Aside from Kevin Dillon's godawful mullet, I really can't say too many bad things about Chuck Russell's 1988 Blob remake. Twenty-six years on, it remains a supremely enjoyable, well-crafted monster movie romp. Now, via Twilight Time's new limited edition Blu-ray (already sold out), we can enjoy the film in HD, along with some new extras including an audio commentary track with director and co-writer Russell and an isolated score track, featuring the music of German electronic composer Michael Hoenig.
This Blob holds a special place in my heart, as it is one of several mid to late '80s horror films that my late grandfather took me to see when I was a horror-crazed young boy. I had probably seen the film again within the last twenty-odd years or so via cable, but as I revisited the film this time, I found myself treasuring those memories of seeing the film for the first time with grandfather, known as Pop-Pop to my brother and me. Pop-Pop was the first adult to recognize my deep-seated love of movies and when I turned to horror around the age of eight or nine, he allowed me to indulge my newfound fascination and curiosity with those films, as well as comics. I never cease to chuckle when I recall the time he took my brother and me to see David Cronenberg's The Fly (shot by Blob d.p. Mark Irwin). Pop-Pop was not very fond of that film's gore, which increased exponentially as Jeff Goldblum's human features deteriorated and his transformation into the fly accelerated. At a certain point, around when Goldblum loses an ear in the bathroom, Pop-Pop got up in a huff, with my brother (then 5) in tow, and said to me: "You can stay here if you want. Your brother and I will out front." Needless to say...I stayed.
It was while watching the interview (at the Cinefamily) with Chuck Russell, on the TT disc, that I was reminded that Russell directed not only The Blob, but also the much-beloved Elm Street sequel, Dream Warriors, yet another '80s horror classic that Pop-Pop took me to.
Anyway...back to The Blob. Russell and co-writer Frank Darabont have slyly updated the '50s Cold War, Steve McQueen-starring chestnut to the '80s, while retaining the feel of any number of golden era B-movies--be they horror, sci-fi, or juvenile delinquency drama--firmly implanted in small town Americana. I love the use of that town here--Abbeville, Louisiana of all places. Though with its snowy forests and mountainous terrain, I thought for sure this was somewhere in the Pacific Northwest. That location, along with Dillon's badly-coiffed, motorcycle-riding, sheriff-hassled delinquent, actually had me thinking of First Blood of all movies and, as the movie went on, I noted a number of possibly intentional references to some other then-recent films. Whether intentional or not, this viewing of The Blob made me thing at various times of the aforementioned First Blood, as well as E.T., The Thing (82), Reckless (84), Gremlins, Back to the Future, All the Right Moves, and Creepshow.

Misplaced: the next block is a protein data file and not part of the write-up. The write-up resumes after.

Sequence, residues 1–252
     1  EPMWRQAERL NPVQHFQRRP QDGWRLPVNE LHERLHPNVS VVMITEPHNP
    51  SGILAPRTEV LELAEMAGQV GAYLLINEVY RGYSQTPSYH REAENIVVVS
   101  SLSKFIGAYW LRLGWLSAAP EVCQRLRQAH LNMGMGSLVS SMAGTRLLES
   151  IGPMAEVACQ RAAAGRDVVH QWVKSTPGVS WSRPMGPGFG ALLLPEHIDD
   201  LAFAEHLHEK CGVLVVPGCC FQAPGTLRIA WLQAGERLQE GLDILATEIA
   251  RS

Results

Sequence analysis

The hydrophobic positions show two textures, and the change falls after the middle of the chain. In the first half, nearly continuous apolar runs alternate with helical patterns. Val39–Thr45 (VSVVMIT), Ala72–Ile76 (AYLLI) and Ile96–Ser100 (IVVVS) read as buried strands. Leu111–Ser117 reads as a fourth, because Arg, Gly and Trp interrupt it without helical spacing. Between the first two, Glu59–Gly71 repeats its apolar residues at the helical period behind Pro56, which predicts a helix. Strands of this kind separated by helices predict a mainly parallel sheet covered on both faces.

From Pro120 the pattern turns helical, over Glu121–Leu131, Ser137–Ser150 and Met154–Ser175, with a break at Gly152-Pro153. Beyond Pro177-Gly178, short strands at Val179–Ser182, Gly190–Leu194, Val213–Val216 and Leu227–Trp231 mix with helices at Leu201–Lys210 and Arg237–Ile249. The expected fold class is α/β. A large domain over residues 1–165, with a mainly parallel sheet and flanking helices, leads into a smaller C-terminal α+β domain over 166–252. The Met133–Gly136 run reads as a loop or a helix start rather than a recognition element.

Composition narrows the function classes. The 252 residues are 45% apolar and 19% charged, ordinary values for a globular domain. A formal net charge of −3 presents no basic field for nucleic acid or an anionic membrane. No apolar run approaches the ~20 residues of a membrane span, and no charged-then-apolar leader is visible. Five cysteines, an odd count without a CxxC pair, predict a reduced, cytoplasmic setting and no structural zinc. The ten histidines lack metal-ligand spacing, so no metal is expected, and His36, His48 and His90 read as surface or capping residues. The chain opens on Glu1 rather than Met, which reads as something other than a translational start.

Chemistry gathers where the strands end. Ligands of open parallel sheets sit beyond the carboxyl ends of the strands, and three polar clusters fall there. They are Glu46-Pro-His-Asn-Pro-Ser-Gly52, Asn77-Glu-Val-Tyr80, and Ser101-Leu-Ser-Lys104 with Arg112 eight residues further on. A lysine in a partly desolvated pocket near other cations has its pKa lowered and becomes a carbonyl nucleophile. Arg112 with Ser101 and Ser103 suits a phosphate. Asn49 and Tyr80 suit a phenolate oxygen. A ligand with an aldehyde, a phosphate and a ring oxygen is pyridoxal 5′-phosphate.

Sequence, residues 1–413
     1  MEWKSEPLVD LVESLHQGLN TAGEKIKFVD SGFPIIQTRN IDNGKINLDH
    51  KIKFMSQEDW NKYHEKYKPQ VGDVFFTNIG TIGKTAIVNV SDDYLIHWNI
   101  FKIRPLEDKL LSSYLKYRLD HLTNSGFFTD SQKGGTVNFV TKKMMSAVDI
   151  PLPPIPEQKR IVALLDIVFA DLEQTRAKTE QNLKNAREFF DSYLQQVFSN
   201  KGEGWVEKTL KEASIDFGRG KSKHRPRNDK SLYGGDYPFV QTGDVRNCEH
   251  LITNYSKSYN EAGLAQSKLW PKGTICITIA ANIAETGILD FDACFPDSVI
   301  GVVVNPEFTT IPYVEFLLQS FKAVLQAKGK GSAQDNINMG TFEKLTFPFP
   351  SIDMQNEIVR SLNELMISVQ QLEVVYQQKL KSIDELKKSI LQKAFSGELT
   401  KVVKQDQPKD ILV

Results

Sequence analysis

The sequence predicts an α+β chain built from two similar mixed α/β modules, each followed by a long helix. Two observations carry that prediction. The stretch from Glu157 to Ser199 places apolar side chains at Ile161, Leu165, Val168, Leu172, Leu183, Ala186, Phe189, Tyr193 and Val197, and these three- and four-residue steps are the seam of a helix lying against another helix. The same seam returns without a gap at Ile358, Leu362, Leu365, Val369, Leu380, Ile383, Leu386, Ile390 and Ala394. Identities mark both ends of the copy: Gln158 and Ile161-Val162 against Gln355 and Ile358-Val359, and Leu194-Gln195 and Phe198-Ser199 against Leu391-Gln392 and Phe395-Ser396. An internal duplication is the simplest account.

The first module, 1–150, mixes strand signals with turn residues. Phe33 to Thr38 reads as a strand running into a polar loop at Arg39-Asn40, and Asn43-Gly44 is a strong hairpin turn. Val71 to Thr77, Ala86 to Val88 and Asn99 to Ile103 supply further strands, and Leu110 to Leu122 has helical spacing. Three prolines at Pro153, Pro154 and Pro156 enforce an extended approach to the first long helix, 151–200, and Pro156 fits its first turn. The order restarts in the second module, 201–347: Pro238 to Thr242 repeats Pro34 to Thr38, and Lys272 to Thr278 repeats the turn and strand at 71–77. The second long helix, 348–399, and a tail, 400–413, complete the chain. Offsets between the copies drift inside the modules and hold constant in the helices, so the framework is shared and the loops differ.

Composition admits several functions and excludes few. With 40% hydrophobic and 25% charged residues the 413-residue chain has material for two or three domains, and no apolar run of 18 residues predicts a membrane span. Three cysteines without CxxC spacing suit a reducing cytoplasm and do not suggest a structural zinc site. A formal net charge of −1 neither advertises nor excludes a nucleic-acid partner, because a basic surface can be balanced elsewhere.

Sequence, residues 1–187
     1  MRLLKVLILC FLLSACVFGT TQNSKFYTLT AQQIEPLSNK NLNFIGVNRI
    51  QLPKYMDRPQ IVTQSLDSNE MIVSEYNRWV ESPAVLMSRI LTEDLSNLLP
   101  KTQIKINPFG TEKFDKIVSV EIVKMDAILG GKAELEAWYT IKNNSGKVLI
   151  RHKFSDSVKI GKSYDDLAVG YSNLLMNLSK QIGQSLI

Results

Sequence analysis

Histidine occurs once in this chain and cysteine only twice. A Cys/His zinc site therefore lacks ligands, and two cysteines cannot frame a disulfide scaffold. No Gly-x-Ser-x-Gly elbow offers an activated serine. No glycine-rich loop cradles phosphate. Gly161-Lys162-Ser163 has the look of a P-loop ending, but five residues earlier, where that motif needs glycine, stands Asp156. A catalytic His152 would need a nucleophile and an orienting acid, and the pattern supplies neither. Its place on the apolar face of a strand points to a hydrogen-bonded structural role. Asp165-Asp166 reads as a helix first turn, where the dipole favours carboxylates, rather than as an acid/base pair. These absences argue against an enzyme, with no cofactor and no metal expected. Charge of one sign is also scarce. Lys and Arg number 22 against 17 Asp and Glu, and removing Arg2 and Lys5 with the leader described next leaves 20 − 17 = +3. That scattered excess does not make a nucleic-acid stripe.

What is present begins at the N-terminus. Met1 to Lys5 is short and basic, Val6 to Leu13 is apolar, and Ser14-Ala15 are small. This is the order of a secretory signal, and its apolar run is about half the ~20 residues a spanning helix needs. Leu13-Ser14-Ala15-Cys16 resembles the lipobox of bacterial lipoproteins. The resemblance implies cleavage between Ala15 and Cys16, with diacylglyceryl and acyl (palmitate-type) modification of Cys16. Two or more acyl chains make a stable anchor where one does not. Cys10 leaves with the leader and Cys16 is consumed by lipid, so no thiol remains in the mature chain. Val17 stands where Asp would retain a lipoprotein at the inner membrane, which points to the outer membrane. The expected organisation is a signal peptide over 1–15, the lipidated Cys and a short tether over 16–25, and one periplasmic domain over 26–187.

This Blob centers on Kevin Dillon's Brian Flagg a "bad kid" who's really not so bad, of course, and cheerleader Meg Penny (Shawnee Smith), who turns out to be much tougher than initially meets the eye, as they combat the fast-growing, fast-moving Blob, whose appetite for Abbeville's human population is insatiable. Other than the aforementioned stars, the other stars of the movie are the film's impressive and messy gore f/x (which I remember oohing and aahing over in the pages of Fangoria and Gorezone) and Russell and Darabont's frequently funny and surprising script. All of the f/x, as Russell reminds us in his interview, are of the gloriously non-CG variety. There are a few outdated-looking optical effects, but overall the look of The Blob still impresses.
The cinematographer was Mark Irwin, who at this point was mostly known as David Cronenberg's usual d.p., but following his work here, he began what might be called a d.p. for hire stretch, which continues to this day. Included in that run is Scream, a teen horror comedy phenomenon that never really worked for me, but which bears some similarities to The Blob, something that I imagine did not escape the makers of the latter film when they brought on Irwin.
Given his pedigree as an important figure in krautrock and the Berlin School, Hoenig's score is disappointing, as more often than not it is little more than musical wallpaper, sounding like so many run of the mill late '80s electronic scores. This may just come down to the composer serving the needs of the production, as directed by the filmmakers, but it's a letdown considering Hoenig's classic '78 solo debut, Departure from the Northern Wasteland and prior participation in bands such as Tangerine Dream and Agitation Free.
As for that script, the thing that stood out to me with this viewing is how the writers quickly established characters that were both distinctive and likeable--which helped make some of the early death scenes all the more surprising in terms of who was killed off. For the character actor obsessives like me, this cast has no shortage of all-stars, as well as would-be teen stars who didn't quite make that leap following The Blob. Youngsters Donovan Leitch, Ricky Paull Goldin, Lost Boy Jamison Newlander, and Erika Eleniak mix with such veteran players as Candy Clark, Jeffrey DeMunn, Del Close (regarded as one of the godfathers of improv and a legendary figure in comedy and Second City circles, if not film), Art LaFleur, Paul McCrane, Joe Seneca, Bill Moseley, and ole Eraserhead himself, Jack Nance. One of the great pleasures of this film is seeing how many of these fine performers will survive past the final frame, who will be knocked off long before...and how.